Contextual Intelligence: A String in the Labyrinth

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Contextual Intelligence: a String in the Labyrinth

This week’s interim blog marks the posting of the Introduction to The New Ecology of Leadership as an excerpt.  What follows below is an extract from the introduction that identifies seven rewards for reading the book:

Changing a legacy computing system is a scary affair; even rearranging an office filing system can be a challenge. Adopting a new mental model can be still more daunting. However, this is the essence of teaching and learning. It’s easiest when you are young and your models are unformed; then the process seems natural. As we age and our experience becomes fixed in the form of habits, learning becomes more difficult. If our habits are strong and have fueled a sense of competence and power, then learning can feel disruptive, threatening, and downright subversive! Changing habits takes a lot of commitment, persistence, and practice. So why should you invest your time and energy in reading this book? The cause is a worthy one, and the rewards are huge, even life changing perhaps. Here they are:

1. Reading the book will hone your contextual intelligence—the practical wisdom that allows you to understand the types and dimensions of context and how to frame them. For a context is not just a hard, unchangeable thing “out there”; it is also very much a product of how we make sense of the world “in here.” Thus, we can often alter a context by changing how we name and frame a situation, and this book helps you do that.

2. The purpose of understanding contexts and their importance is to enable you, in your roles as both manager and leader, to design, evoke, and even control some of them and anticipate others so that you can either counter or, at the very least, prepare for them. The ability to design, evoke, control, anticipate, and counter contexts may be the most powerful skill that you have. You can use it to find and focus the behaviors that produce the results needed by the organization, its stakeholders, and the community and society at large. I call this ability the architecture of choice.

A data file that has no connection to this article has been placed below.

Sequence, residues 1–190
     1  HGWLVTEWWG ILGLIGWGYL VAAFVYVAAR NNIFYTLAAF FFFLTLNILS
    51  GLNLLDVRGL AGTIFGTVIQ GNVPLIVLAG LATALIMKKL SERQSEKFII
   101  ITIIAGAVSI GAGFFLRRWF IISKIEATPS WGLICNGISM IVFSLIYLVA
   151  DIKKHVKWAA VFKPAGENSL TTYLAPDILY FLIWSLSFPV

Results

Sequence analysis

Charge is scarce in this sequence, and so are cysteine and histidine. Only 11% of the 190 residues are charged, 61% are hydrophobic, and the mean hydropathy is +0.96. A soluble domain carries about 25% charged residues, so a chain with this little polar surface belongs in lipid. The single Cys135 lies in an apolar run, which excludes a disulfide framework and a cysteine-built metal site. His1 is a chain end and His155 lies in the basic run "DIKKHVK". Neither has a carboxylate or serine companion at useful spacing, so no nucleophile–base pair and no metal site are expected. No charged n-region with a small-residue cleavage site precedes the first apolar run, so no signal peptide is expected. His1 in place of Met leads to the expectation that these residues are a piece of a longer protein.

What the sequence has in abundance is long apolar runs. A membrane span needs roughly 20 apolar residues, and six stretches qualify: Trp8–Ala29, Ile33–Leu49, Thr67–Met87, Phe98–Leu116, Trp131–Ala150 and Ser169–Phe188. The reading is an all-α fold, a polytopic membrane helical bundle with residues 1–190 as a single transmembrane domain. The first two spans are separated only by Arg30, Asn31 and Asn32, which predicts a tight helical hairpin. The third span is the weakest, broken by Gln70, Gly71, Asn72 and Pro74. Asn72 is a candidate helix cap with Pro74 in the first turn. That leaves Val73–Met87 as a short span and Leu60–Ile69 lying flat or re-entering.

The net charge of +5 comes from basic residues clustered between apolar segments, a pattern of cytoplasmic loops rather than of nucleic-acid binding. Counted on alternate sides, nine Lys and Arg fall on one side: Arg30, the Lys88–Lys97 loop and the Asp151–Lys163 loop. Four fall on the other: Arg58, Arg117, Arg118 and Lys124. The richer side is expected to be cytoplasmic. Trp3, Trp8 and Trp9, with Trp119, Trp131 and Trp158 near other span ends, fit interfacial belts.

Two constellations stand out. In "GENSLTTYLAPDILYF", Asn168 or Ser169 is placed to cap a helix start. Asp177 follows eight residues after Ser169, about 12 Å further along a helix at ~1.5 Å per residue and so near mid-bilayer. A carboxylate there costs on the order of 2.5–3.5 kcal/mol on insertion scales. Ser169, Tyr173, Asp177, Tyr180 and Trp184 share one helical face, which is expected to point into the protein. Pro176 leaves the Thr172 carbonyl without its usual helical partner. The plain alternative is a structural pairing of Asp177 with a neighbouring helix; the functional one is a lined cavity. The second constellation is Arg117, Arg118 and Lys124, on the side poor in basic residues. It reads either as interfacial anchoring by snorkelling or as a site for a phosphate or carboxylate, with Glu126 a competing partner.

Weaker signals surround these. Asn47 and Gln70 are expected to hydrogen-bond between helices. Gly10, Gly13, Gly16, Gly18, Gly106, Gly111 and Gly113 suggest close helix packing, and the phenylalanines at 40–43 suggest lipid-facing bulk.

3. This book will show you how and why organizations and their internal contexts change. It turns out that stability and change, far from being opposites, are inextricably bound up with each other. They are complements. You can’t have one without the other. It is our failure to appreciate this subtle relationship that accounts for the fact that we are continually surprised by crises of all kinds and that the world often appears to be more chaotic than it really is. I will give you a new way of looking at this relationship using an ecological perspective.

4. You will be able to appreciate both the complexity and simplicity of innovation by understanding not only why organizations grow with such effortless ease at some stages of their lives but also why, in the longer term, nothing fails like success. You will see how organizations develop from communities of trust, grow through the application of logic, and mature in power. You will comprehend why powerful organizations decline as they age and how their strengths become weaknesses in changing contexts, for the trappings of success and the contexts it creates can inhibit learning, and the resulting decline can be both difficult to sense and intractable to manage.

5. The ecological approach suggests, however, that there is a “sweet spot” in space and time, a “zone” where an organization can dwell for an extended period through a process of continual learning and renewal. The length of this period depends on many factors, but the key issue of concern here is the ability of both leaders and managers to be effective architects of choice, designing contexts with the optimal combinations of passion, reason, and power. When this happens, resources flow to the right places in the system almost without direction.

6. The ecological perspective will help you understand relationships. For we are constantly engaged in assessing the situations we are in, gauging how we feel about them, looking for systems of cause and effect, and trying to understand the power dynamics present. Whenever we deal with people, we are always thinking in contexts of emotion, reason, and power.

7. Finally, The New Ecology of Leadership will help you ask better questions and tell more compelling stories. If, as suggested at the beginning of the chapter, this book helps you to find your special management “power,” then the questions you ask and the stories you tell will be about you. The resulting understanding of your aptitudes and passions will, given the right opportunities, guide you for the rest of your life.

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